Document B: Malone’s Trial Speech (Modified)



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Document B: Malone’s Trial Speech (Modified)

The least that this generation can do, your Honor, is to give the next generation

all the facts and theories that observation and learning have produced—give it to

the children in the hope of heaven that they will make a better world than we

have. We have just had a war with 20 million dead. Civilization is not so proud of

the work of the adults.


For God’s sake let the children have their minds kept open—close no doors to

their knowledge. Make the distinction between religion and science. Let them

have both. Let them both be taught. Let them both live.
We feel we stand with progress. We feel we stand with science. We feel we

stand with intelligence. We feel we stand with freedom in America. We are not

afraid. Where is the fear? We meet it! Where is the fear? We defy it!

(Loud applause. Bailiff raps for order)
Source: Excerpt from Dudley Field Malone’s speech on the fourth day of the

Scopes trial, July 15, 1925. Dayton, Tennessee. Dudley Field Malone was a New

York attorney who was on the defense team, defending John Scopes. He argued

for the importance of teaching science.

Document C: Reverend Straton Article (Modified)

The real issue at Dayton and everywhere today is this: “Whether the religion of

the Bible shall be ruled out of the schools, while the religion of evolution, with its

harmful results, shall be ruled into the schools by law.”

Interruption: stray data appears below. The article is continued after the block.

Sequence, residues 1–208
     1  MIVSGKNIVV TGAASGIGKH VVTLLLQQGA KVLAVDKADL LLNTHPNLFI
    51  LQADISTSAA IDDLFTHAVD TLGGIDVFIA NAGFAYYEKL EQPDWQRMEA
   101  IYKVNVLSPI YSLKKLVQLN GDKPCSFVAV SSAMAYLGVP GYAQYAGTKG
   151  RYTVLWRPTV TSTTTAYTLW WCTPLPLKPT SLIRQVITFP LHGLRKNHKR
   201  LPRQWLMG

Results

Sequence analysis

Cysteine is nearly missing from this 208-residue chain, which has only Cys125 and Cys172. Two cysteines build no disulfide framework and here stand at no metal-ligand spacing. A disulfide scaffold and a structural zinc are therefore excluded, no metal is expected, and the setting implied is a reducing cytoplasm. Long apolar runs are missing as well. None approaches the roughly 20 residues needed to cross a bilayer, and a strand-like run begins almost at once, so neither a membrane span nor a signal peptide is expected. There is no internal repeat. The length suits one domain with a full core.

John Scopes’s lawyers left New York and Chicago, where real religion is ignored,

where crime is most widespread, and they came to Tennessee to save a

community where women are still honored, where men are still polite, where laws

are still respected, where home life is still sweet, where the marriage vow is still

sacred. Think of the nerve of it! and the enormous vanity of it!
Source: Excerpt from Reverend John Roach Straton’s article in American

Fundamentalist, “The Most Sinister Movement in the United States.” December

26, 1925. John Roach Straton was a minister who preached across the country

against the sins of modern life. He was firmly opposed to the teaching of

evolution.


Document D: New York Times Article (Modified)

Cranks and Freaks Flock to Dayton:

Strange Theories are Preached and Sung
Visitors to Scopes Trial are Mostly Tennessean Mountaineers.

Tennessee came to Dayton today in overalls to attend the trial of John Scopes

for the teaching of evolution. The Tennesseans came from mountain farms near

Dayton, where work, usually begun at day light, had been deserted so that gaunt,

tanned, toil-worn men and women and shy children might see William Jennings

Bryan’s “duel to the death” with “enemies of the Bible.”


They stood in groups under the trees, listening to evangelists, moved by the

occasion to speak for the “Word.” They listened to blind minstrels, who sang

mountain hymns and promises of reward for the faithful, and to a string quartet of

negroes. They walked up and down hot, dusty Market Street, with its buildings

hung with banners, and lined with soda-water, sandwich, and book stalls, as for a

carnival. Religion and business had become strangely mixed.


Vocabulary

Cranks: oddballs



minstrels: white entertainers who wore black makeup and performed in variety shows
Source: Excerpt from a front page New York Times article, “Cranks and Freaks

Flock to Dayton.” July 11, 1925. The New York Times editorials sided with the

defense and criticized Dayton’s small-town mentality. Dayton’s population in

1925 was 1,800.

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